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Thursday, June 11, 2015

Apple Employees Say The Company Treated Them Like "Criminals" and "Animals"

Posted By on Thu, Jun 11, 2015 at 3:51 PM

click to enlarge JEREMY PIEHLER/FLICKR
  • Jeremy Piehler/Flickr

Recently unsealed emails from a 2013 lawsuit against Apple portray the tech giant as a kind of nanny state on high alert for thieving employees. According to KRON 4, in April 2012 an unnamed Apple employee sent CEO Tim Cook an email with the subject line “Fearless Feedback from Apple Retail Specialist.” In the email, which likely flouted every bit of protocol in the company’s HR playbook, the employee complained about not being compensated for the time it took managers to inspect personal bags for stolen merchandise. The employee lambasted the bag check policy as “both insulting and demeaning to Apple employees,” adding that workers were treated like “criminals” by store managers.

Cut to January 2013, when an employee at an Apple Store in Beijing also emailed Cook to say the company treated employees “as animals,” noting that the emergency exit at one Beijing Apple store was allegedly blocked by Apple products.

Although Cook’s replies were not unsealed, Kron 4 reports that the company’s HR chief, Denise Young Smith, sent the following to strategies head Carol Monkowski: “I don’t like that practice either [bag checks], but I do understand why they believe it’s necessary. I’d like to explore other options, i.e., random checks like TSA.”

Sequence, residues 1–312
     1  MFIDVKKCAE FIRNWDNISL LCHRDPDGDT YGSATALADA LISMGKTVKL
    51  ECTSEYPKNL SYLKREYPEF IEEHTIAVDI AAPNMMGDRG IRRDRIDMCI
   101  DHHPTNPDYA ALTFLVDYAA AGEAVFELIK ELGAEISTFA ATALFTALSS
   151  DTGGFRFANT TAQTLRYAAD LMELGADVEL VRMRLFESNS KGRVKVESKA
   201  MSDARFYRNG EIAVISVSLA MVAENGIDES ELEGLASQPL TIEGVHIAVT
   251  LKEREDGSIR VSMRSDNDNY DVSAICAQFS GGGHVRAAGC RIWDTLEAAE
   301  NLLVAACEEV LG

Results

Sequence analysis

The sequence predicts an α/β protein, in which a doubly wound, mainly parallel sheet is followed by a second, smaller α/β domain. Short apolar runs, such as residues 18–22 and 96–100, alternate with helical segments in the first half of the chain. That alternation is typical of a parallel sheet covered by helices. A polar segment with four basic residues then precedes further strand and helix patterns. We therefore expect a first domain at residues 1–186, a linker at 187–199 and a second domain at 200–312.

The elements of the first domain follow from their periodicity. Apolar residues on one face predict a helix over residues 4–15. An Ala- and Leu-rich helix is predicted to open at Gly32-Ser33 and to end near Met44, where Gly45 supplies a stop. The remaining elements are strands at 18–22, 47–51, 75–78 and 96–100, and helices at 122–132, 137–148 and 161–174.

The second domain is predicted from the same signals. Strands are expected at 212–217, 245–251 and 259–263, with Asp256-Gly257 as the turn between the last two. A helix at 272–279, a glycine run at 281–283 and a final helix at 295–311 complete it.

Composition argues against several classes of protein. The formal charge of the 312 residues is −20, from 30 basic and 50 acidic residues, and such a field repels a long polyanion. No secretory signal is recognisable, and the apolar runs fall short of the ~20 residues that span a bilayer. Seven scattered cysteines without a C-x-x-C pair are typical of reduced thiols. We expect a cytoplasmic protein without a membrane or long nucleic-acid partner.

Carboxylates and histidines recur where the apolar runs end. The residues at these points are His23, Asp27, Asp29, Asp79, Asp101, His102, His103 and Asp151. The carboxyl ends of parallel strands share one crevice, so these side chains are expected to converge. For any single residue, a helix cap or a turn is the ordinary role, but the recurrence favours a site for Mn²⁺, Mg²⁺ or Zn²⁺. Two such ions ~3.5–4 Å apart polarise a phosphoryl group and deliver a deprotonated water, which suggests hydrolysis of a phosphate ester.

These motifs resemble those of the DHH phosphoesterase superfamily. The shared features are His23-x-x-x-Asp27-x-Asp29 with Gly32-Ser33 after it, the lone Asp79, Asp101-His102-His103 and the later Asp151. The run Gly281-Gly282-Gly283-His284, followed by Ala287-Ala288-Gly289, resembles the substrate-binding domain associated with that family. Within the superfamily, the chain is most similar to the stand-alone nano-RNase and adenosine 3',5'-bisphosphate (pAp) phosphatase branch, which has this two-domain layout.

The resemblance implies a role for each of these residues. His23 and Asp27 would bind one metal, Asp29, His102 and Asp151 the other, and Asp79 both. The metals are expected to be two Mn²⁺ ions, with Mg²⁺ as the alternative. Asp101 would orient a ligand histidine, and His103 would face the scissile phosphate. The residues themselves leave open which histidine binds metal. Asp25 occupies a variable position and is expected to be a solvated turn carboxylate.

In a lawsuit filed against Apple in U.S. District Court for the Northern District of California in 2013, two former employees estimated their lost wages at $1,500 per year as they were made to wait off-the-clock as managers searched staff for stolen merchandise. (Per Kron 4, store employees are issued cards that sync with the serial numbers of their personal Apple devices. At the end of their shift, employees present their card, their iPhone, and their personal bags for inspection.) 

In December, the Supreme Court ruled that companies don’t have to pay workers for security checks since time spent waiting for such isn’t a “principal activity” of labor. That case, which grew out of a lawsuit filed by employees at an warehouse in Nevada, reversed a lower court ruling that originally favored compensating workers for time spent in security checks. In the Amazon case, employees said they spent as long as 25 minutes waiting for security clearance to go home.

Apple also faces separate lawsuits from employees who claim they were denied meal breaks and rest periods as per California labor law.

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Jeremy Lybarger


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